The principle objection to any anti-Johnsonian attack is Jeremy Corbyn: he is a threat to our national way of life, to our security; a terrorist sympathiser, an anti-semite. Many of these accusations have more to do with his difficulty in guiding the electorate closer to  his policy perspectives than anything inherently wrong with his actual positions; but the last of these accusations has exercised me a good deal during the campaign and before it. Is it to ignore racism and accusations of it to argue that Jeremy Corbyn might still be the nation’s only hope in the face of a Prime Minister who cares little for what he does with power as long as he has it? Johnson is a figure who will say or sanction anything – avoid all scrutiny or blanket the airwaves with untruths as proves profitable – in order to hold on to an office which, as his own manifesto suggests, he and his party have little idea how to utilise. In this context, is it reasonable to hand-wave accusations of anti-semitism, or to dismiss them, or to accept them but hold them in balance with other considerations? Are any of those approaches defensible? Which is worst?

No one’s ethical choices are pure in the midst of what has been a dismal campaign. Labour’s failure to handle anti-semitism is certainly a sign of institutional incompetence; it may also be a sinister expression of something rotten at its head or heart. That this question is still be resolved to the satisfaction of many in the Jewish community and beyond is a serious issue for Corbynism, which struggles – in the face of daily attacks – to accept any criticism. But voting for Boris Johnson seems to guarantee not the Brexit for which many of his supporters seem myopic in their enthusiasm – that moment of national coming-together – but the speeding-up of a cultural turn in the country which insists on uniformity, on vapid conformity to a set of fictions we all know are lies but which we parrot either because they suit us or because not to do so is to court opprobrium. Perhaps defending Corbyn on anti-semitism is part of this movement; but the level of scrutiny to which Labour has rightly been subjected on the issue stands in stark contrast to the lack of interrogation that is permitted by Johnson’s Conservatives.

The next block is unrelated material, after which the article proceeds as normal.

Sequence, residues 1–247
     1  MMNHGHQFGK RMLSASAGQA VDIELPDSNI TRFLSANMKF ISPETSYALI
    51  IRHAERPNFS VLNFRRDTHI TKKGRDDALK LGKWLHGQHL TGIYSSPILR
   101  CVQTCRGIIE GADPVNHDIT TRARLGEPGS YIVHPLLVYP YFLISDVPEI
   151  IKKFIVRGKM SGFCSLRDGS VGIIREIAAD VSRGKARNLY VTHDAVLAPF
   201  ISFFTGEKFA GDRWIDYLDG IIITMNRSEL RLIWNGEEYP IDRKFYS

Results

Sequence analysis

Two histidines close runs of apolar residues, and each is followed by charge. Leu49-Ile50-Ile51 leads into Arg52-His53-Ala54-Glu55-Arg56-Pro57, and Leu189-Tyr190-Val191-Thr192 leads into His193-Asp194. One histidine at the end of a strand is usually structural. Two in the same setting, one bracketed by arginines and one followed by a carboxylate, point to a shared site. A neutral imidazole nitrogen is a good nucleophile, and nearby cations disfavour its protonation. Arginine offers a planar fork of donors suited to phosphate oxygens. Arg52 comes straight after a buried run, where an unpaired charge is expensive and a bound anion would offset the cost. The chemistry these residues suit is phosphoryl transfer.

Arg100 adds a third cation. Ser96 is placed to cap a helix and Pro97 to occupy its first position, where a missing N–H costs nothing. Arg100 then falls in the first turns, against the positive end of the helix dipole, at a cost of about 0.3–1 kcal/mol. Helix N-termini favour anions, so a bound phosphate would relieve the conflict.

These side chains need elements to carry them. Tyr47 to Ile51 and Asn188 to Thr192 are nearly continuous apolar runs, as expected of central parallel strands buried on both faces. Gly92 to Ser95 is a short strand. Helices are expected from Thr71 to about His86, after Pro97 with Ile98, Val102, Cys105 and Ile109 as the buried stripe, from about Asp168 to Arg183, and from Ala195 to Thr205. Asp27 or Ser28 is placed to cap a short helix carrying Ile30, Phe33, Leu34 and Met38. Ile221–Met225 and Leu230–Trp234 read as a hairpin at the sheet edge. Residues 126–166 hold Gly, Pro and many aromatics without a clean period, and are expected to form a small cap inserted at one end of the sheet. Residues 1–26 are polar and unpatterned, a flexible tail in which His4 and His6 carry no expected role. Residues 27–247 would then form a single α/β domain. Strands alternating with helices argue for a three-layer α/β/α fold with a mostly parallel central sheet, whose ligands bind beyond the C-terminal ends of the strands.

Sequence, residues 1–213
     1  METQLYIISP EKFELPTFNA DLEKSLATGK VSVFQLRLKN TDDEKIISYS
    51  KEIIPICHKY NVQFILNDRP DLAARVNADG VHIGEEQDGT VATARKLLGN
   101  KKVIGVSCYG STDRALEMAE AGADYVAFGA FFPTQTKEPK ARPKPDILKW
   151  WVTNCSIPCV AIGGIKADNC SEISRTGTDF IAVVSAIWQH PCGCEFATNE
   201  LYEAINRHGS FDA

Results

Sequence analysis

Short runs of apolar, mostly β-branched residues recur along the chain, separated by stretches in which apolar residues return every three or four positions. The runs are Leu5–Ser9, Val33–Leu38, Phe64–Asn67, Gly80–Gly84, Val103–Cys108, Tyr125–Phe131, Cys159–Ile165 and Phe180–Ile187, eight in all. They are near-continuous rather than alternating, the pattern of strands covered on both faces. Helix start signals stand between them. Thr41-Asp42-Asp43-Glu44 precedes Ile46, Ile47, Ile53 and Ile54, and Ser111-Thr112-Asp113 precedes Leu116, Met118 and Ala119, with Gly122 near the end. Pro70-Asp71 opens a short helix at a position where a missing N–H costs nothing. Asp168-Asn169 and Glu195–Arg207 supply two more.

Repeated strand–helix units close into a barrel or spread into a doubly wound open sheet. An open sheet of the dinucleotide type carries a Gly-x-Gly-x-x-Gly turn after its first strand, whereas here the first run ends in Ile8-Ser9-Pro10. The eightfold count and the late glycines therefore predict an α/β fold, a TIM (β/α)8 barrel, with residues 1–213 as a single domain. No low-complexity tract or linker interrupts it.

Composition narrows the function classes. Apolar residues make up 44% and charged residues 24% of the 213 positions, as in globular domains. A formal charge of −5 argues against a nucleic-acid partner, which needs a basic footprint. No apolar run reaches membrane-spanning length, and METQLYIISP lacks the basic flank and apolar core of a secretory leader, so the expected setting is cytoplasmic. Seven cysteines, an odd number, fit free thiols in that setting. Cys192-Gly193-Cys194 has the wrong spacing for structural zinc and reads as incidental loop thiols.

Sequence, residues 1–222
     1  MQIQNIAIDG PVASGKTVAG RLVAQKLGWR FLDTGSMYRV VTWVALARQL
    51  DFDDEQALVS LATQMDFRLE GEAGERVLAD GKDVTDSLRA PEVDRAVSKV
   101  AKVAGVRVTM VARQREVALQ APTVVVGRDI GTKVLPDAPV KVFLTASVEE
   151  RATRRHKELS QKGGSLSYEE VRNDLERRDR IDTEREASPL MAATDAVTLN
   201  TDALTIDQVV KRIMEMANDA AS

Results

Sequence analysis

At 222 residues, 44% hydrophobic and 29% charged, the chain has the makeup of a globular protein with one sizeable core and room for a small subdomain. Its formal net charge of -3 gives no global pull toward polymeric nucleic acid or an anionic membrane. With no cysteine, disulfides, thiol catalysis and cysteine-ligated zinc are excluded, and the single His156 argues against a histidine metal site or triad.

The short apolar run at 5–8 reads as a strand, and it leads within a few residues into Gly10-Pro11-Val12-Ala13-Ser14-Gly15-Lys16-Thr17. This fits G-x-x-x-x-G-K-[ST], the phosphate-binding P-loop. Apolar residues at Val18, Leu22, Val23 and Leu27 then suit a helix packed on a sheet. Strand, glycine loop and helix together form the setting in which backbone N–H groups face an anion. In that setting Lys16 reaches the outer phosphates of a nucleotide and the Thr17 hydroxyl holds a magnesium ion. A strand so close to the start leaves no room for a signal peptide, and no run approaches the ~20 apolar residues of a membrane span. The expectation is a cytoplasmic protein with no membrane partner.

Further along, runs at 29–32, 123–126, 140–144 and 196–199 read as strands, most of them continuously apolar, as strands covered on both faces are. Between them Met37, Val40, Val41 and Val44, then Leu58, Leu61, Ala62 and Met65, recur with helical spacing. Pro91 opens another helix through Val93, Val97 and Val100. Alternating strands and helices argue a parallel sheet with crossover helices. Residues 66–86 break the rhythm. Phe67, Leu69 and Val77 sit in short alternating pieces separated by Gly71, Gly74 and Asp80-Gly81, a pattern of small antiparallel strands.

Few could describe the current Labour approach to anything – much less the establishment of pogroms – as ruthlessly strategic, and in fact in many ways they emerge from this campaign as a band of dogged pragmatists, of make-do-and-menders. In her recent book on anti-semitism, even Julia Neuberger – not one to compromise with prejudice and an eloquent critic of Labour’s reaction to antisemitism in its ranks – wrote, “there is antisemitism, but it is not like the 1930s.” She exhorts”people who are not Jewish [to] call out … shadowy views”; I have tried to do this in daily life, and, while other anti-Tories won’t face what they might find to be a Hobson’s choice, yet will vote Labour tomorrow.

The compatibility of these positions may be in question; but Boris Johnson has consistently acted with much greater cynical dissonance, elevating hypocrisy to the level of philosophy. Corbyn may oversee a creaking system reluctant to admit fault; Johnson speaks of letter boxes and “piccaninnies,” of hook noses and shadowy conspirators. Here is a man who at one point makes the queasily eugenicist argument that IQ quotas somehow tell us something about who in our society deserves reward; and at another presents himself as the champion of the working class against the marauding foreigner. Here is a man who says there will be no barriers for Northern Ireland, all the while working on a new Sykes-Picot line that will divide Ulster from Great Britain more surely than any border poll.